Recent changes to the Immigration Rules for people sleeping rough will make it even harder for people to get the support they need to find a safe home.
As we come out of lockdown, many people, including those who have lived and worked in the UK for many years and those who remain stuck in emergency accommodation in England, face being forced to return to rough sleeping because their immigration status means they are excluded from vital support that would help them to move out of homelessness.
We fear that these new rules make rough sleeping grounds for cancelling or refusing someone’s permission to remain in the UK. Although the rules will only be used when someone has refused offers of support and is engaged in persistent anti-social behaviour, we remain gravely concerned that rough sleepers are at a higher risk of criminal charges because of a desperate need to survive. Senior Policy Officer at Crisis, Ruth Jacob, shared that
“we helped a man who was left crying because he was nearly arrested for salvaging some scrap cardboard outside a shop to have something to sleep on. The only reason the charges were dropped was because the shop didn’t want to press charges.”
This policy will put many people at risk of exploitative work, unsafe accommodation, and potentially modern slavery, to avoid sleeping rough and putting themselves at threat of removal from the country.
Crisis Chief Executive Jon Sparkes said of the policy
“It is inhumane, and its mere existence will make non-UK nationals in vulnerable circumstances fearful of asking for the support they need to help them off the streets. To be clear, we do not accept this policy and urge authorities not to use these powers in any circumstances.”
EU citizens living in the UK also face losing their permission to live and work here if they haven’t successfully applied to the EU Settlement Scheme by the 30 June deadline.
What is Crisis doing to help?
Working together with our supporters, Skylight services and Crisis staff offer support to people who are homeless or at risk of homelessness based on need alone. For non-UK nationals who are locked out of state support, this often means help with overcoming the barriers to moving back into work, such as helping people gain qualifications or providing tailored English classes focused on working in different industries. For others, the key to moving out of homelessness will be access to independent immigration advice to help them resolve issues with their status.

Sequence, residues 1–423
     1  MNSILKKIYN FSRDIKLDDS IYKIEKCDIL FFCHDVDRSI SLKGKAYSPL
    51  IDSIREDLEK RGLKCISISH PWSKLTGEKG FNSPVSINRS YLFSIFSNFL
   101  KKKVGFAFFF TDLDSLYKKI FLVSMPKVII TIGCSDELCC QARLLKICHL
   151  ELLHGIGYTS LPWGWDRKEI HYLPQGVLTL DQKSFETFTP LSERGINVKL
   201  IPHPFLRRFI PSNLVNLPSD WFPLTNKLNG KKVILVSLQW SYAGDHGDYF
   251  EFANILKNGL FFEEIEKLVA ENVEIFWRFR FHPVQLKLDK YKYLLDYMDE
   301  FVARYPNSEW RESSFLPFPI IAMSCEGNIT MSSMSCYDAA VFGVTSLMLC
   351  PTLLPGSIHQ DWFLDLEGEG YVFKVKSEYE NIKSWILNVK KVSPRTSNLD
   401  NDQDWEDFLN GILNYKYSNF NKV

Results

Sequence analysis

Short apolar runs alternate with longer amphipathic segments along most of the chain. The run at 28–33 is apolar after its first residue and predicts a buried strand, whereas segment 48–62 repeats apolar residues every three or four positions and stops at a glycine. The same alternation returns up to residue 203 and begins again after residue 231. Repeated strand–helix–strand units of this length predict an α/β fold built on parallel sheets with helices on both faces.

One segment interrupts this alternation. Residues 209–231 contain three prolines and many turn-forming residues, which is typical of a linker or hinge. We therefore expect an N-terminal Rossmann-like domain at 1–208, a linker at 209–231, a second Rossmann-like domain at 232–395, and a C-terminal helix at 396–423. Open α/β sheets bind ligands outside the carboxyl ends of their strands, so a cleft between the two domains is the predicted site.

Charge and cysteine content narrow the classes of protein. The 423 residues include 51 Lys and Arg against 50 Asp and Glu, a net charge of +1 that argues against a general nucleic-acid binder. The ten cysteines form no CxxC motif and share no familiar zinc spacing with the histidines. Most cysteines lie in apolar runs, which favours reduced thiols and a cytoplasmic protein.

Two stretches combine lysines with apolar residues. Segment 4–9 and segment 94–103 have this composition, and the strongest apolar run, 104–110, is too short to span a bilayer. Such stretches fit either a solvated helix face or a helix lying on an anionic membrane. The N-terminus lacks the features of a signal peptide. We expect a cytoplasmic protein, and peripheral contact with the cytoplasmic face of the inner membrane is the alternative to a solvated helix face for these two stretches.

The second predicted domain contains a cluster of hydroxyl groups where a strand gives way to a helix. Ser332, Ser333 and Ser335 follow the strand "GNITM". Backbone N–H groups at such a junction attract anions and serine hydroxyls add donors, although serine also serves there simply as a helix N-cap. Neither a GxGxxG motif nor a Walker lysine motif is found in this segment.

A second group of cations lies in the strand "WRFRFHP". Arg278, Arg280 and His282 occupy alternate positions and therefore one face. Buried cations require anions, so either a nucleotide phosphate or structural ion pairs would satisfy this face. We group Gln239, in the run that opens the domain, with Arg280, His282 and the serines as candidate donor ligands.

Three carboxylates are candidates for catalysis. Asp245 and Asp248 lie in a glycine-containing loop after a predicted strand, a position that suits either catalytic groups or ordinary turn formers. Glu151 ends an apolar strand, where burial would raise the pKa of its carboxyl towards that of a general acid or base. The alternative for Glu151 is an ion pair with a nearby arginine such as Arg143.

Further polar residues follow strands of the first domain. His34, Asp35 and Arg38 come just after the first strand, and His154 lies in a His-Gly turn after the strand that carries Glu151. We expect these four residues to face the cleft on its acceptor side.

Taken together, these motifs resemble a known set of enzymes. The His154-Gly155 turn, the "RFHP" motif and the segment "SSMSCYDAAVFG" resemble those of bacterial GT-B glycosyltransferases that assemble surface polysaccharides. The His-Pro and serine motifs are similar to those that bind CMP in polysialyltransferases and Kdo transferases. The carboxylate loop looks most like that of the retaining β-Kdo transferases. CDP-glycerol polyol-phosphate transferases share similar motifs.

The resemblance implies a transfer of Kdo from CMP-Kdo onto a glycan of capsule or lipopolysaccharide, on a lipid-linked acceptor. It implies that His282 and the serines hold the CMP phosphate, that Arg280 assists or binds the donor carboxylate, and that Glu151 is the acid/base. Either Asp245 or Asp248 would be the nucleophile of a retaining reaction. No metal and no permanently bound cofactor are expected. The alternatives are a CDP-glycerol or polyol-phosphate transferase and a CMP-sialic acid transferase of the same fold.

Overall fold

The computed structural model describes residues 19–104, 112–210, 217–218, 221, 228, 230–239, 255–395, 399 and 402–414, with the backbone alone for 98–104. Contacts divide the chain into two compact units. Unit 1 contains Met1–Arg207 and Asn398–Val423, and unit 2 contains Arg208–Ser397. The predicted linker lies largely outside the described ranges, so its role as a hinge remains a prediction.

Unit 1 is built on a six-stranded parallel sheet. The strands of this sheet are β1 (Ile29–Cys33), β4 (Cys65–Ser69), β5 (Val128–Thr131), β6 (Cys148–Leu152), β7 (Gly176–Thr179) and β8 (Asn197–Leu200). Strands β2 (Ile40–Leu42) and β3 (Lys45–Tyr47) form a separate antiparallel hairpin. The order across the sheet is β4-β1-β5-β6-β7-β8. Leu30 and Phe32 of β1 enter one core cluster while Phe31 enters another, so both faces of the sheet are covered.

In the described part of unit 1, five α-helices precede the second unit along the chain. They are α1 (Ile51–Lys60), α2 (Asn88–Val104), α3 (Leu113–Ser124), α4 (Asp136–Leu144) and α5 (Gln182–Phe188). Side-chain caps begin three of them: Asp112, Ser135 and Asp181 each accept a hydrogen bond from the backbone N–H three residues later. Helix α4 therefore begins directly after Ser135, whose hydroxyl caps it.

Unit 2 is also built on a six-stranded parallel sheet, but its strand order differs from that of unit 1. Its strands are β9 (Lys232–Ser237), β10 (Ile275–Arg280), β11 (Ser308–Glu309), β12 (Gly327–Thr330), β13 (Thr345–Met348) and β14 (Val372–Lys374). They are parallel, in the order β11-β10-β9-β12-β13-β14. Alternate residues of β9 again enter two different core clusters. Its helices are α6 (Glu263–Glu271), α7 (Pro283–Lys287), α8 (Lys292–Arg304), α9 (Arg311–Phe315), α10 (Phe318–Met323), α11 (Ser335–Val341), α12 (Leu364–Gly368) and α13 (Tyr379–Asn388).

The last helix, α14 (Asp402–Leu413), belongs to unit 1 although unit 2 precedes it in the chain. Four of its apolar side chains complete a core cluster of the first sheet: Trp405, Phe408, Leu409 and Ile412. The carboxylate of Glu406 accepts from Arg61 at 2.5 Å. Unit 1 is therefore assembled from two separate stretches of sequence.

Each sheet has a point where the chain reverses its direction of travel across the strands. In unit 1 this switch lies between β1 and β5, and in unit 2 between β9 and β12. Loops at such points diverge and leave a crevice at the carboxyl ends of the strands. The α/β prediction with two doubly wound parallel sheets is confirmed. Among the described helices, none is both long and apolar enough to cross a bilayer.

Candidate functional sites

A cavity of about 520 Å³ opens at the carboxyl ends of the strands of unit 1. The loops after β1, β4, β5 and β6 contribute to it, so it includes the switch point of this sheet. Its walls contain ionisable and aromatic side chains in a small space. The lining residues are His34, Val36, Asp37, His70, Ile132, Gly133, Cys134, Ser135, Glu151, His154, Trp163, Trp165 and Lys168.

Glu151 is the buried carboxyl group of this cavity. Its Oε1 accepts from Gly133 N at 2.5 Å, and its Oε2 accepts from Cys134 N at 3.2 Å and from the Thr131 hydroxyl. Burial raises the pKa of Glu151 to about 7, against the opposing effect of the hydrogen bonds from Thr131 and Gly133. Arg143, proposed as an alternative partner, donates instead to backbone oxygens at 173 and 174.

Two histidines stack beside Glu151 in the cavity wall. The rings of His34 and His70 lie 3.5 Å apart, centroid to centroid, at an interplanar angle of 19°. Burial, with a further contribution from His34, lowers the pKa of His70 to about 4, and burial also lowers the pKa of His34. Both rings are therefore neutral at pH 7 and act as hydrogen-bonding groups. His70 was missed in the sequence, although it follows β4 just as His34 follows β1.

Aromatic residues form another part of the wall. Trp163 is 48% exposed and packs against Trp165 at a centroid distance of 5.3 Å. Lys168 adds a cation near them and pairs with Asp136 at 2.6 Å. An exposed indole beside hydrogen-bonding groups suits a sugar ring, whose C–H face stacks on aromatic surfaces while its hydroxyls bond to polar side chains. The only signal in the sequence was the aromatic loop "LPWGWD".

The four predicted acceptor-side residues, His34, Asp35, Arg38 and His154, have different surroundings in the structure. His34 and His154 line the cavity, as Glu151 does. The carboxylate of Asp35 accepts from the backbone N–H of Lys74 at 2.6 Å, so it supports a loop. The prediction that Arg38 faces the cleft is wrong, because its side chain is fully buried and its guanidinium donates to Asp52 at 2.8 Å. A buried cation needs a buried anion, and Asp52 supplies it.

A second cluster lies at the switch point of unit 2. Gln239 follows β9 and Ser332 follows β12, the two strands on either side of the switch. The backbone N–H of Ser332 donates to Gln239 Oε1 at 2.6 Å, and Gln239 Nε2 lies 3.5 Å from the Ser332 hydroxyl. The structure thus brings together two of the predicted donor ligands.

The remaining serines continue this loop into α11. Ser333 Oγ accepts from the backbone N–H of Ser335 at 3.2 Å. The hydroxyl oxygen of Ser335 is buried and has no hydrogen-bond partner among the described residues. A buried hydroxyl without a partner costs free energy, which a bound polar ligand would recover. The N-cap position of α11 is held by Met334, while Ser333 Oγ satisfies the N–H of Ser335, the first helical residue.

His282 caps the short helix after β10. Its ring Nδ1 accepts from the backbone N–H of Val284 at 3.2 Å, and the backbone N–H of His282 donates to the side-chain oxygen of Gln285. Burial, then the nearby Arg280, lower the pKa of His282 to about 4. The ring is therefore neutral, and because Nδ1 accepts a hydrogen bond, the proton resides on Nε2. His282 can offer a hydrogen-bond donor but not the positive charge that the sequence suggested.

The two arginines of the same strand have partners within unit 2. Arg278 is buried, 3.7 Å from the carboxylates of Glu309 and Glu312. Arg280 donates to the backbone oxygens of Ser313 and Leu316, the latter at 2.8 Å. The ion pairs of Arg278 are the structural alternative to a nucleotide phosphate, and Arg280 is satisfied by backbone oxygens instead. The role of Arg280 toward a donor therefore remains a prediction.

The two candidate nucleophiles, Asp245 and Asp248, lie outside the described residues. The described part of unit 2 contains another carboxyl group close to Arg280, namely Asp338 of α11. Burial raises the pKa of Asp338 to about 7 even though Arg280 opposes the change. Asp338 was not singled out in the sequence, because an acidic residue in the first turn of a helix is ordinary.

Through our grant programmes we’ve also provided funding for organisations working with refugees and homeless non-UK nationals, to ensure they’ve been able to continue to offer specialist advice, accommodation and support throughout the pandemic.
But it remains incredibly challenging to help non-UK nationals who are locked out of state support to move on from homelessness for good.
We’re campaigning for the policy changes needed to make sure everyone living in the UK has a safe and secure home, regardless of where they were born. We’re also undertaking research to provide evidence about what’s causing non-UK nationals to become homeless, so we know what needs to change to prevent it from happening in the first place.
We urgently need to see a clear, national strategy from the Government to end rough sleeping and homelessness for good. This must include providing people with no recourse to public funds with a safe place to stay, alongside wraparound support including immigration advice and employment support, so they can leave homelessness behind for good.
We need your help to make this happen.
Help us to support these individuals through their complex needs by signing up to be a Crisis Campaigner or speak to your Crisis contact for updates on our work with non-UK nationals at risk of homelessness.